Apple needs to get serious about Siri

Apple needs to get serious about Siri

Summary: It's not TVs or games consoles that we'll be seeing from Apple in 2013, but a tighter integration of its cloud services into its products. One cloud service that will see improvement is Siri.

TOPICS: Apple, iOS

My guess is that 2013 will be the year that Apple focuses on services rather than new hardware. Rather than TVs or games consoles, we'll see Apple work to refine and more tightly integrate its cloud services across its range of products.

One cloud service that I think Apple needs to work on is Siri, the voice-controlled assistant bundled with every iPhone and iPad.

Siri is interesting because it is both a clever idea, and a dumb one. It's clever because it is one of the best implementations of voice-control technology that I have used, but on the flipside it's dumb because as soon as you venture outside of the narrow set of features it offers, Siri quickly becomes annoying and useless.

Siri is, as Apple points out on its website, a beta product. It's promising, but it has a long way to go. While jokes and banter are fun, they get real old, real fast.

A job posting on LinkedIn suggests that Apple is keen to make Siri better. The Cupertino giant is looking for a "uniquely creative individual" to help "evolve and enrich" Siri. (Update at 10:15 a.m. ET: While LinkedIn still has the job posting on its Web site, Apple has since removed the posting from its site.)

"Siri’s known for 'her' wit, cultural knowledge," explains the posting, "and zeal to explain things in engaging, funny, and practical ways. The ideal candidate is someone who combines a love for language, wordplay, and conversation with demonstrated experience in bringing creative content to life within an intense technical environment."

Given that Siri is now installed on millions of iPhones and iPads, Apple has undoubtedly collected a lot of information on how people use -- and more importantly, want to use -- Siri. Apple will be able to use this information to extend Siri's capabilities, and allow it to better understand how iPhone and iPad owners communicate with it.

See alsoHow to turn your tablet into a mobile workstation

It's quite possible that Siri will break free from the confines of iOS and find its way onto Macs, and possibly even Apple TV devices.

The more devices Siri is installed on, the more people use it, the more traction the technology gets, and the more user telemetry Apple receives. There's no reason why Siri should not be made available on other Apple devices, and I suspect that as Apple works to integrate iOS and OS X, Siri is one technology that will make the platform jump.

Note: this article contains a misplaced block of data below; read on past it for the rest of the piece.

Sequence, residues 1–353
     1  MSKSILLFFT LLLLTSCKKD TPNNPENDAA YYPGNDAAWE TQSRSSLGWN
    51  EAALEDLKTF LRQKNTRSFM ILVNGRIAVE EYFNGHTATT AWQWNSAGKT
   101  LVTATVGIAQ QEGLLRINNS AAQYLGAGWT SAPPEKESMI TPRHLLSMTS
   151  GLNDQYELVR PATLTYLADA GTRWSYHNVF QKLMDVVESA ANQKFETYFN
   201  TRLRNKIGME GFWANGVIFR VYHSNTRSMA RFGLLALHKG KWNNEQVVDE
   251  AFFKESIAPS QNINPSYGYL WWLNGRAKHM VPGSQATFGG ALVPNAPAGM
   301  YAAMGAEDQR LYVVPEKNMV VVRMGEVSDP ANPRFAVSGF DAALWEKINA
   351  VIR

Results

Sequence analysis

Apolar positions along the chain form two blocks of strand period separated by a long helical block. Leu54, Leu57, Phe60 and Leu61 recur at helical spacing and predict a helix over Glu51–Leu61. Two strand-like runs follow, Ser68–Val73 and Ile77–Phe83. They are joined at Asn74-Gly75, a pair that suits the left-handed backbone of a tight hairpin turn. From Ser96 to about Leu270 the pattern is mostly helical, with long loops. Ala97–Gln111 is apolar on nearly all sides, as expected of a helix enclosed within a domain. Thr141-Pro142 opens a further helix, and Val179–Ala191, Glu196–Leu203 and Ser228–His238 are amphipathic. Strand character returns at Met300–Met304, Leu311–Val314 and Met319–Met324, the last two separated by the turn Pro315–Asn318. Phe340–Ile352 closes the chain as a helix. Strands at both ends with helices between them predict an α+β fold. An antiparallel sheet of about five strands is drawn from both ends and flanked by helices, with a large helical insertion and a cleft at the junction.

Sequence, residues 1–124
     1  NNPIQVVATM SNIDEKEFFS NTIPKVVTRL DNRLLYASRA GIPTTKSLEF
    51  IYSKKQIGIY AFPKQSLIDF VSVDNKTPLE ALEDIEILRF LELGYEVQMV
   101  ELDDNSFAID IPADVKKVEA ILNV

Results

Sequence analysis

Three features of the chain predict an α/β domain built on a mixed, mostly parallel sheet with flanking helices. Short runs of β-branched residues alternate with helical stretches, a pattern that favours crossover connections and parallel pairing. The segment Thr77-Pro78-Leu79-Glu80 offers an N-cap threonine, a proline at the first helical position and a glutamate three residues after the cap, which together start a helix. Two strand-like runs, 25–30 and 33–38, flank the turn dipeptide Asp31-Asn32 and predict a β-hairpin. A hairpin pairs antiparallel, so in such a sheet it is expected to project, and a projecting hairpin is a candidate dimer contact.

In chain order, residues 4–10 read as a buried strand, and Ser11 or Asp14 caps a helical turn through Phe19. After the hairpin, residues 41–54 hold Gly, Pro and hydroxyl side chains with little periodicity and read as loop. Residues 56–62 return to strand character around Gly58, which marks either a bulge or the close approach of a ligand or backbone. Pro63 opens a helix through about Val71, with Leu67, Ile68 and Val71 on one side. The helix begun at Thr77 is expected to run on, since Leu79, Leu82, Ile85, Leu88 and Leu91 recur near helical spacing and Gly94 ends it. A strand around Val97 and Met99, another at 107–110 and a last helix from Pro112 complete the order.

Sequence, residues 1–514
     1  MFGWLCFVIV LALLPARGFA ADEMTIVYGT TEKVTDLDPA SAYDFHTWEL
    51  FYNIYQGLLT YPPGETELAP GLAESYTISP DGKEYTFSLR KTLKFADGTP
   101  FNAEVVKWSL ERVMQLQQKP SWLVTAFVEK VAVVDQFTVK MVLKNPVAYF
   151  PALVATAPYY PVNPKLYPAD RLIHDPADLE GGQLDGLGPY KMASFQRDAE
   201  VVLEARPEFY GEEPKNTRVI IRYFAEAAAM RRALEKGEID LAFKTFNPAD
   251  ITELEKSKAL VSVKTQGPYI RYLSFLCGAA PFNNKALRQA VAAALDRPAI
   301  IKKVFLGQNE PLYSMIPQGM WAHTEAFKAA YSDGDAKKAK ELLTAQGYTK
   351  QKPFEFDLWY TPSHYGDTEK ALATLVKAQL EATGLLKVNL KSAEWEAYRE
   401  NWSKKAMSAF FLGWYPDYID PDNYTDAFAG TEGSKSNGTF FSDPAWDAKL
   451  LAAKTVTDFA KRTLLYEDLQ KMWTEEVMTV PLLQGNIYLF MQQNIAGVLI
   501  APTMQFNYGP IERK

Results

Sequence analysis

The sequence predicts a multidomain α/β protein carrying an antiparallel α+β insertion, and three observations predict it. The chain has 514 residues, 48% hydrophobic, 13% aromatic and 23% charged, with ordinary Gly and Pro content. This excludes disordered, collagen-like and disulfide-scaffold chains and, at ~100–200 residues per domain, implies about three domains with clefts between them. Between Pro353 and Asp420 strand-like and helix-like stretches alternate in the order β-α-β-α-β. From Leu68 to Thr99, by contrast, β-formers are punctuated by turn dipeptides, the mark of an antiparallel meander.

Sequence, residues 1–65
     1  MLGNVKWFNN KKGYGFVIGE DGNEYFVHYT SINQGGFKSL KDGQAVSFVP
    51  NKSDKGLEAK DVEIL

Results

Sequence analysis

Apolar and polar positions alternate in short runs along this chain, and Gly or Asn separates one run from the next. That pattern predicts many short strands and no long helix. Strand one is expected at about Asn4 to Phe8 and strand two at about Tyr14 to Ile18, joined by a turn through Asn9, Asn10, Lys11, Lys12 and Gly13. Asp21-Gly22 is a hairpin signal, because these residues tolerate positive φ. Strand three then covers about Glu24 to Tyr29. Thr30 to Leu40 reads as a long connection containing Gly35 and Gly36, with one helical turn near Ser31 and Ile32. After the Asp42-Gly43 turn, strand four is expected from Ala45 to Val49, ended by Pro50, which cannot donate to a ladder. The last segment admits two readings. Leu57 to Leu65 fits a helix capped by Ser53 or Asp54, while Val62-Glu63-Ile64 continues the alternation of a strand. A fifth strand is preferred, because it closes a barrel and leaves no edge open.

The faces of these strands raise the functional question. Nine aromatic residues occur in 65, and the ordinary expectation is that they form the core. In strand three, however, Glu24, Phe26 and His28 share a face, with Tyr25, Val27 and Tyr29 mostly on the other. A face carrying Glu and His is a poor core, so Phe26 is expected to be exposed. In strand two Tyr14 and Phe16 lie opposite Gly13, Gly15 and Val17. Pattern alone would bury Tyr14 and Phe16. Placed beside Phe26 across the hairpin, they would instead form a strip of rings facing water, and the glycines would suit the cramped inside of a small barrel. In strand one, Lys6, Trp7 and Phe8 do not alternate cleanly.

Siri also needs to break free from being confined to Apple apps. Making Siri available to third-party app developers would extend the technology and make it more useful. There's no doubt that app developers could do some really cool things with Siri, and that opening up the technology via the software development kit (SDK) would result in completely new and innovative apps.

This would also mean that developers could create apps that were unique to Apple's App Store because no similar technology would be available on other platforms. This could give Apple a much-needed edge in its battle against Android.

I've no doubt that you'll be hearing a lot more from Siri this year.

Topics: Apple, iOS

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  • I don't find Siri really all that limited to use

    though it is apparent that she has been approached with a lot of specific use cases - there's a semantic search engine that drops you through (a) Apple's resources in Maps and other apps, (b) Wolfram Alpha, (c) Do you want me to search the web for that?

    What it does do is allow you to control the phone with English language voice commands. It is very good at figuring out what you are asking it to do, and there's only a handful of things on the device that you can't kick up with a voice command using any syntax you like (shutdown, searching the app store, and other system operations you'd think it could do, but doesn't.)
    • Well

      If they don't tweak the results of Wolfram alpha, it could have been a great experience, but they enrich the result set and sometimes that brings value addition, but most of the times, it is frustrating. But definitely Apple has a lot of work to do to make it a very successful and rational integration within the iOS experience.
      Ram U
  • Microsoft got this one right

    "Making Siri available to third-party app developers would extend the technology and make it more useful. There's no doubt that app developers could do some really cool things with Siri, and that opening up the technology via the software development kit (SDK) would result in completely new and innovative apps."

    If you want to see examples of this, look no further than Microsoft and WP8. I have quite a few apps where I can talk to them from my bluetooth headset without launching them first. The voice recognition is fantastic. Unfortunately, you can only use WP8 voice recognition to do useful things, you can't ask it to open the pod bay doors. Silly Microsoft, giving users useful features instead of useless gimmicks.

    "This would also mean that developers could create apps that were unique to Apple's App Store because no similar technology would be available on other platforms."

    Right, no similar technology is available on other platforms. You could only believe this if you knew nothing of other platforms. Oh wait, you don't.
    • Get a life or a job Toddy

      Your lines are old and very boring...
      • Thanks for the personal attack

        It only shows you had nothing better you could come up with to counter my points, thus validating everything I wrote.

  • Apple needs to get serious about Siri

    Surely you can't be serious. Siri was a dead end project the moment it was announced. Sure it was fun for people to use at first but I don't know of a single person who continues to use it. Siri was nothing more than a distraction for the underwhelmingness of the iPhone. Apple would be fools to waste any more time and energy on Siri.